By Liu Xiangwen, Monique Carrroll, Yang Jianyuan and Zhu Yuanyuan
Due to the sensitivity of commercial bribery, corporations can be reluctant to instigate internal anti-commercial bribery investigations as a check on the effectiveness of their compliance program. Often an internal investigation will only be commenced when a serious problem emerges in the internal management system, a judicial or governmental investigation is initiated or a complaint is received accusing the corporation of serious compliance issues. However, given the increasing global focus on anti-bribery and corruption compliance, the value of regular internal compliance investigations or ‘audits’ has increased. The objective of a compliance audit is to identify and deal with any problems or risk areas before they are obvious to third parties and escalate to the media’s attention. Where the audit uncovers a serious problem that must be reported to regulators, the company will be in a much better position to pro-actively manage the situation – hopefully with the result of minimizing any penalties imposed on the company.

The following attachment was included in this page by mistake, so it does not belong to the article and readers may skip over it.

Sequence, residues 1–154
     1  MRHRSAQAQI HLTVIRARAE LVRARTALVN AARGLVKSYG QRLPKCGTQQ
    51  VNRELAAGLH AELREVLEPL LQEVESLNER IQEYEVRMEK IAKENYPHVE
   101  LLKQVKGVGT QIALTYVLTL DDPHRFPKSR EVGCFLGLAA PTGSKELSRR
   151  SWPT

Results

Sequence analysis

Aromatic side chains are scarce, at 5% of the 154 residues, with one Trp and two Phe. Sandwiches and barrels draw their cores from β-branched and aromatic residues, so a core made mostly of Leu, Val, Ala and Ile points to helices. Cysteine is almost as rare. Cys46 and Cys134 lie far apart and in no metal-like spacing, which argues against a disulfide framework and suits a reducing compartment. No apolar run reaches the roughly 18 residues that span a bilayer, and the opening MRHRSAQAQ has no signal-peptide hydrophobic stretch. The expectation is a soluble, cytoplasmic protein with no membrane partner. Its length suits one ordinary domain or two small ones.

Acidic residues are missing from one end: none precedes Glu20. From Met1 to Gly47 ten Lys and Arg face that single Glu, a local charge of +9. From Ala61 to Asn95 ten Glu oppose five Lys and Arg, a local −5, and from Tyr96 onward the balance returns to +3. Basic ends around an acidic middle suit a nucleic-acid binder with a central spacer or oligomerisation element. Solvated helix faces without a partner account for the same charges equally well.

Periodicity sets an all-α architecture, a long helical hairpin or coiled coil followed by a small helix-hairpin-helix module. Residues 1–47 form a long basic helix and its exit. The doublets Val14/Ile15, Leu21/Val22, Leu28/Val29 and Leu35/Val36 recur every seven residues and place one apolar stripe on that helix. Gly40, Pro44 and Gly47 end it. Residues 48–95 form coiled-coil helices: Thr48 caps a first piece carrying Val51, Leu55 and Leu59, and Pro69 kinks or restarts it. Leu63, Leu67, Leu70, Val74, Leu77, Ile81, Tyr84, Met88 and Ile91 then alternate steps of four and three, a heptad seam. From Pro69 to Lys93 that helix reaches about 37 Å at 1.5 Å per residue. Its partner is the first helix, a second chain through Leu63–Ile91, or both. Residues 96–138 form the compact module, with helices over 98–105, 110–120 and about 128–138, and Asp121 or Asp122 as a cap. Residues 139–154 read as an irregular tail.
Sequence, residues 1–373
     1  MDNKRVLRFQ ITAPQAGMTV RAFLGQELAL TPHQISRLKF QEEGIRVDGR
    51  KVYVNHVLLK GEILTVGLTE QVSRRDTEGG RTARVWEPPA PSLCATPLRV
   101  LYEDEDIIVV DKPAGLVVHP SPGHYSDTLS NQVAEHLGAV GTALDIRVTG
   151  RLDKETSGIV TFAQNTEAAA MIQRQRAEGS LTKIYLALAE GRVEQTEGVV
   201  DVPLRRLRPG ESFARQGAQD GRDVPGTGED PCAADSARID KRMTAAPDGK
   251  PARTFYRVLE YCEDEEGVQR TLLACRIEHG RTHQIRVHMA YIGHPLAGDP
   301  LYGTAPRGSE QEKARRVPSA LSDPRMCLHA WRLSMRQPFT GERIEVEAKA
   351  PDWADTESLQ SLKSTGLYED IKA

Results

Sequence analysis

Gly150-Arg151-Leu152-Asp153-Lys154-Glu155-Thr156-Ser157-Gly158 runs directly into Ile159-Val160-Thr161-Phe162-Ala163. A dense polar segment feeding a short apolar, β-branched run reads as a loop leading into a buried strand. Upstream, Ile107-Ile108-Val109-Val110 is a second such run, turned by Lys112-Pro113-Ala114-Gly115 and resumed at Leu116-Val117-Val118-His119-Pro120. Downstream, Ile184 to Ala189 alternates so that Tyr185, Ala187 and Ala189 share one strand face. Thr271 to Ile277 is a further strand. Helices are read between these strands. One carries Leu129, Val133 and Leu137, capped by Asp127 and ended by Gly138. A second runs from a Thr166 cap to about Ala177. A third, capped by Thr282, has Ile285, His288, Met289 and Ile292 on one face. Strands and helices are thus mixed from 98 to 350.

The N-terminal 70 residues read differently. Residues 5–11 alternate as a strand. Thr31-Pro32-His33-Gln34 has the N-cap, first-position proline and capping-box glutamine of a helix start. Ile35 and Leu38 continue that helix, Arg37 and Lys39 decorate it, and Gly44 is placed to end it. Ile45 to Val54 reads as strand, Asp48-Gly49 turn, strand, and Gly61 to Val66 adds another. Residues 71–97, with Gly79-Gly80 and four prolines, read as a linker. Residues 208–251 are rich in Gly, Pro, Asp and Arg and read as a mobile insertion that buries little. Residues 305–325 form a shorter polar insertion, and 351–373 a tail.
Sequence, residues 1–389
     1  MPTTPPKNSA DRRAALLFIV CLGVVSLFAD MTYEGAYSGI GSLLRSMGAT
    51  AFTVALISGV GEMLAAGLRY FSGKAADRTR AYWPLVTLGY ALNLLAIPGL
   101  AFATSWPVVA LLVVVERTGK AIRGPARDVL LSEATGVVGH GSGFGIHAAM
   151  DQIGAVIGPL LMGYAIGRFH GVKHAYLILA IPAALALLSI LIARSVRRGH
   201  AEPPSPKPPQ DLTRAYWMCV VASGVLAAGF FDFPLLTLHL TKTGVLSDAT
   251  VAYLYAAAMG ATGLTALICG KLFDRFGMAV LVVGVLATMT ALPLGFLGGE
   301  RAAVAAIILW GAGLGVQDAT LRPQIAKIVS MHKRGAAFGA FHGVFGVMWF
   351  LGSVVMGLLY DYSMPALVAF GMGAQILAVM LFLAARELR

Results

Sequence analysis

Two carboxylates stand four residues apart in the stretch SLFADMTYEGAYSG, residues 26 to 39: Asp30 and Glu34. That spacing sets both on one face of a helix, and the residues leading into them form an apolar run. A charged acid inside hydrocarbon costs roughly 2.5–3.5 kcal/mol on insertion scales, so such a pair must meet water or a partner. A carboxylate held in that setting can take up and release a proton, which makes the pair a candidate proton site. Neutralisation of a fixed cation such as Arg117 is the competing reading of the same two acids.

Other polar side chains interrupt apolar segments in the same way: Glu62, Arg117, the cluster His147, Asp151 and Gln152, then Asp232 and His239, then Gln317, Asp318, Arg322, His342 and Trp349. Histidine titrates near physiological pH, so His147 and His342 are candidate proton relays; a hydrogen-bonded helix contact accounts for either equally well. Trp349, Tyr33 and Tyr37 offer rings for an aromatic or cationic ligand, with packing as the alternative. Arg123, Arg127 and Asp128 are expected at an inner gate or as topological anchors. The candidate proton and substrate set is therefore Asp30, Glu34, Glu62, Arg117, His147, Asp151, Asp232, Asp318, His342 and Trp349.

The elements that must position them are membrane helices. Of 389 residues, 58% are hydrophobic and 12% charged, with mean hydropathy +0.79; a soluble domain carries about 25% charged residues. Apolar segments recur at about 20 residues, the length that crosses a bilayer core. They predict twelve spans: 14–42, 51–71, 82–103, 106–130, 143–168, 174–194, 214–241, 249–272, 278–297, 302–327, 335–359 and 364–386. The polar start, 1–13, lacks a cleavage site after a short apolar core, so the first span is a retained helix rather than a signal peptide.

Over the medium to long term, regular compliance audits will strengthen the compliance and risk awareness of both the company and its employees and therefore contribute to an enterprise culture of compliance. Such a culture would in turn contribute to the long-term and sustainable development of the company.
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